Kayleigh and Bea Have More to Do With the Ending of 'Stay Close' Than You Think

In 'Stay Close' on Netflix, two girls test for drugs in their drink using fingernail polish. But is this really a method people can use?

Sara Belcher - Author

Jan. 3 2022, Published 7:35 p.m. ET

'Stay Close'
Source: Netflix

Spoiler alert: This article contains spoilers for Season 1 of Stay Close.

Harlan Coben's novel Stay Close has now been turned into a Netflix series. When Carlton Flynn goes missing 17 years after Stewart Green did, it sets off a chain reaction in the lives of the people connected to both men — forcing them to uncover some unsavory truths as they try to piece together what happened.

The series premiered on the last day of 2021 and it's already a huge hit. After all, it features all the things a crime-fan needs: a serial killer, a car at the bottom of a lake, and drug-detecting fingernail polish (which may or may not be real).

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Is the fingernail polish trick in 'Stay Close' real? There was a similar product in development.

At the opening of Episode 2 of Stay Close, we see Bea and Kayleigh sneak out of the house, following Megan to Vipers where they run into Carlton. The man attempts to woo the girls, giving Kayleigh a drink.

Being suspicious of Carlton's motives, Bea sticks her finger into Kayleigh's drink. That's when her fingernail polish changes colors, indicating that her drink had indeed been spiked. (Naturally, Bea's reaction is to switch Carlton and Kayleigh's drinks, forcing him to drug himself before the pair steal his car.)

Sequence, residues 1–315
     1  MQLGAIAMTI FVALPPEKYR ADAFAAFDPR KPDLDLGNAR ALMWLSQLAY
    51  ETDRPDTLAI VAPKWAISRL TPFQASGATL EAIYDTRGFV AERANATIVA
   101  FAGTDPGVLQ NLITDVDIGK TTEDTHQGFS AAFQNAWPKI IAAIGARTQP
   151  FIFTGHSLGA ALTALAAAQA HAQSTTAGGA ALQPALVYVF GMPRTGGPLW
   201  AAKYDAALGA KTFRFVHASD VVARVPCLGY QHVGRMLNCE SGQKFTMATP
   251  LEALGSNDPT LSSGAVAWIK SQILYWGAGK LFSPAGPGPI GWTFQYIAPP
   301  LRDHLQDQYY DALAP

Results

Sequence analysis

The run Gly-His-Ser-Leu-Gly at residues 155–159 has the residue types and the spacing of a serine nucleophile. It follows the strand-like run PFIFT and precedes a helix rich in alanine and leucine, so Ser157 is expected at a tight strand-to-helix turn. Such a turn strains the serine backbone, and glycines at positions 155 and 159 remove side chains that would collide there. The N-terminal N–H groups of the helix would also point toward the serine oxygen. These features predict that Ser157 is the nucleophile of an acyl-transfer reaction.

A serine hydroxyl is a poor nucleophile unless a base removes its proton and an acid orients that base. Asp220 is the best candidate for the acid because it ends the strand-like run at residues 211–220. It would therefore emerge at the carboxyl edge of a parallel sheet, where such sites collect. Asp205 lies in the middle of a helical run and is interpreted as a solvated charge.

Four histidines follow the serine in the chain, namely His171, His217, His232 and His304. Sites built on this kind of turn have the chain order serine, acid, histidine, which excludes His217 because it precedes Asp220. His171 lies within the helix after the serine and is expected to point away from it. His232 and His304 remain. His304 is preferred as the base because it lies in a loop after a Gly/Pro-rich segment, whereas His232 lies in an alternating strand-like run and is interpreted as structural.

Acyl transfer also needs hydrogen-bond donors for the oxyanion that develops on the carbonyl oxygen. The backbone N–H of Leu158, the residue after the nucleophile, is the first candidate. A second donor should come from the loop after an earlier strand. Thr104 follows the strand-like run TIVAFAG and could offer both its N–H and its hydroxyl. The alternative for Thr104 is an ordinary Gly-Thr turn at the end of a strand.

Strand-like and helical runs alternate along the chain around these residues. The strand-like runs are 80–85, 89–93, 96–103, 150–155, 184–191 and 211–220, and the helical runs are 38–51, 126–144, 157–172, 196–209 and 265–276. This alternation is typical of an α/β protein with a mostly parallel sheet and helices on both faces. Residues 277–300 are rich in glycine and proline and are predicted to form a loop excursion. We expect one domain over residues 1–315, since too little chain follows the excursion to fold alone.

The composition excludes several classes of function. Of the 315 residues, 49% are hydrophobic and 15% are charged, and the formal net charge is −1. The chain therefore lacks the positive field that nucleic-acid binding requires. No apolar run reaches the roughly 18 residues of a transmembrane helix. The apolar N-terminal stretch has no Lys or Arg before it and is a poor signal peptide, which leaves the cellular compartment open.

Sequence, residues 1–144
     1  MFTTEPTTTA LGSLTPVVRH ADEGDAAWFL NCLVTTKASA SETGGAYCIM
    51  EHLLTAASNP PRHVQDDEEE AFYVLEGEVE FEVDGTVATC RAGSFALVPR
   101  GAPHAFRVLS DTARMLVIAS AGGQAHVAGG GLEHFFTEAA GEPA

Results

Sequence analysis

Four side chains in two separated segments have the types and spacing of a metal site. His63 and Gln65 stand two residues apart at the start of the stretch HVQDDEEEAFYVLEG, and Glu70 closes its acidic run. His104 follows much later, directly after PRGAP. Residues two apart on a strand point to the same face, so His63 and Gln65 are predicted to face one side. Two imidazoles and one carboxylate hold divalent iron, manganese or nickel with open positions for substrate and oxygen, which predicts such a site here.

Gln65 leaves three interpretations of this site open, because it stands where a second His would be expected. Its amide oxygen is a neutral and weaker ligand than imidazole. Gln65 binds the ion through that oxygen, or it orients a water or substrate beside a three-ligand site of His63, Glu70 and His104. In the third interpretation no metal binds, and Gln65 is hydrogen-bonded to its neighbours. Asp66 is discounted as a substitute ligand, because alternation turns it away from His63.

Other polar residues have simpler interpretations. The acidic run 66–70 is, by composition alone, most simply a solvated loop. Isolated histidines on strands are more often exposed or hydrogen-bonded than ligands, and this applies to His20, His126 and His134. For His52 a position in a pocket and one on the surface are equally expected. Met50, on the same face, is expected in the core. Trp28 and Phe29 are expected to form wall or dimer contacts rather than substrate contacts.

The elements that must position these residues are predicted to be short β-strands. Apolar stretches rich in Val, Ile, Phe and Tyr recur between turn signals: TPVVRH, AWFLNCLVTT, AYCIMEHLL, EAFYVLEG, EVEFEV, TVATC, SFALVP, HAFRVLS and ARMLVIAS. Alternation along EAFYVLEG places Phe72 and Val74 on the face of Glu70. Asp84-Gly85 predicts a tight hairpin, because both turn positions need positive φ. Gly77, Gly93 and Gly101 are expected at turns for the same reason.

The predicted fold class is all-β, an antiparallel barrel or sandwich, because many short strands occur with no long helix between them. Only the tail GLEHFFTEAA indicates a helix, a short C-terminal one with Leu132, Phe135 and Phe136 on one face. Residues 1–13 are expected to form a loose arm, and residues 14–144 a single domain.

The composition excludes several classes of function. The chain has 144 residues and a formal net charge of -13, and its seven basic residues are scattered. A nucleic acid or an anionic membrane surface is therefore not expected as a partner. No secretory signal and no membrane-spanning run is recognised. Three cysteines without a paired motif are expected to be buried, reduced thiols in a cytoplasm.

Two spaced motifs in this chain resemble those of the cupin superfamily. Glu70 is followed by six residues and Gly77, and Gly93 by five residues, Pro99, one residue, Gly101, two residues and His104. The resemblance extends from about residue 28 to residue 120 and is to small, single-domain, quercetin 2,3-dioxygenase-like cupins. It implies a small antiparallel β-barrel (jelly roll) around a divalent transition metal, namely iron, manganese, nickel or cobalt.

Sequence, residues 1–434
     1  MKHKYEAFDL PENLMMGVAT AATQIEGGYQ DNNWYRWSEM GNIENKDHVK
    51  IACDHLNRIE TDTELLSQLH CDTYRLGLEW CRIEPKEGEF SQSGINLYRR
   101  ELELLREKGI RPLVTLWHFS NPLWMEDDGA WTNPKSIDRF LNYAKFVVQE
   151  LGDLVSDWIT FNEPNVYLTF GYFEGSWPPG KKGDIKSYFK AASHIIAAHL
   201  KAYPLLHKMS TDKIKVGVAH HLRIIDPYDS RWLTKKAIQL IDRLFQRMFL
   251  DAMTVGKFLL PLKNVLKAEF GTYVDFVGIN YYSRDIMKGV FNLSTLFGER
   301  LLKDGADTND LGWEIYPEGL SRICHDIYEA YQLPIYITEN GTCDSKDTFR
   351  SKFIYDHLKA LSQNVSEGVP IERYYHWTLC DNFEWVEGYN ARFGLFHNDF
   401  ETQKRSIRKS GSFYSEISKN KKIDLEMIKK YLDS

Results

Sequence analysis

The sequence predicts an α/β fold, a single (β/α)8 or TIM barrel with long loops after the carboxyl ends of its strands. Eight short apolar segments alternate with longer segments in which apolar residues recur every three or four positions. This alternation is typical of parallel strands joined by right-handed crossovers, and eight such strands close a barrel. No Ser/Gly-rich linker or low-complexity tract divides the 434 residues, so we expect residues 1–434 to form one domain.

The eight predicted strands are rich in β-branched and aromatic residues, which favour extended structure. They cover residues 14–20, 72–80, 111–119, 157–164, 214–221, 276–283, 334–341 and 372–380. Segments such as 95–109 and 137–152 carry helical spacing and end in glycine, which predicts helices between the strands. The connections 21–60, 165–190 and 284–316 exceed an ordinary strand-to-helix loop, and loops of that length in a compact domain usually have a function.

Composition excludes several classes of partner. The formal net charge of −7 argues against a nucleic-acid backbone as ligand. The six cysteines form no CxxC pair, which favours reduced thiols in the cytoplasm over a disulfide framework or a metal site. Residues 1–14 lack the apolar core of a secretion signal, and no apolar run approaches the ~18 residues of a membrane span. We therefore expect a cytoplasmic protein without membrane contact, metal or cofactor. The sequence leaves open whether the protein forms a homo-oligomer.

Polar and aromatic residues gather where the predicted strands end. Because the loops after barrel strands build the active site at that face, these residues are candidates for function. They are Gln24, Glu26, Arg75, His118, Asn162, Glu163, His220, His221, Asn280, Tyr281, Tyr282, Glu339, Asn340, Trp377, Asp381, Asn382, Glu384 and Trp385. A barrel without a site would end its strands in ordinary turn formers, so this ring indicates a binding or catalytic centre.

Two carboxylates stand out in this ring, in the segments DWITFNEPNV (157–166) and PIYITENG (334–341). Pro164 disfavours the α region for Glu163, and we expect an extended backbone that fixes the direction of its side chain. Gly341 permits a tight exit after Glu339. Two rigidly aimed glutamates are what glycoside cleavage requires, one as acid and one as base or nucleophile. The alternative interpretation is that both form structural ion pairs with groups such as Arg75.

'Stay Close'
Source: Netflix
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For years, there have been talks of fingernail polish being able to tell whether or not a drink has been spiked. In 2014, four girls from the University of North Carolina came up with the idea of creating a nail polish that would change colors if it detected a few (though not all) common date rape drugs in a drink. Unfortunately, though, there's not a polish currently on the market that's capable of detecting date rape drugs.

By 2018, though, the girls, now under the business name Undercover Colors, swapped the nail polish idea in favor of a small test that could be easily brought to a party. The more gender-neutral option, named SipChip, provides a pocket-sized test on which users can drop a tiny amount of liquid to test it for potential drugs and get a result in a matter of seconds.

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So, while there's not currently a nail polish on the market that's capable of detecting date rape drugs, there are other options. And it seems like the technology exists to potentially produce a nail polish that could do this in the future.

Source: YouTube / Netflix
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'Stay Close' ending explained — Did Bea and Kayleigh kill Carlton?

The nail polish flashback at the beginning of Episode 2 is a big clue as to who actually killed Carlton — and puts Bea and Kayleigh on the suspect list early on. Unfortunately, Carlton's death does tie back to that night.

After Bea and Kayleigh steal Carlton's car keys, he chases the pair and attacks them. They manage to subdue him and put him in the trunk of the vehicle, which then runs out of gas as they're driving.

Megan's fiancé, Dave, is the first person Kayleigh thinks of to call. Dave picks the girls up and helps them out of trouble. When he notices a news report the next morning about Carlton's disappearance, he goes a step further, pushing the car (and Carlton, who's still in the back) into the lake in an effort to keep Kayleigh free from suspicion.

But then why did Lorraine confess to Carlton's murder? It ultimately fit her pattern of killings, and in an effort to keep the incident from coming back to Kayleigh, she took the blame for the murder.

You can now stream Season 1 of Stay Close on Netflix.

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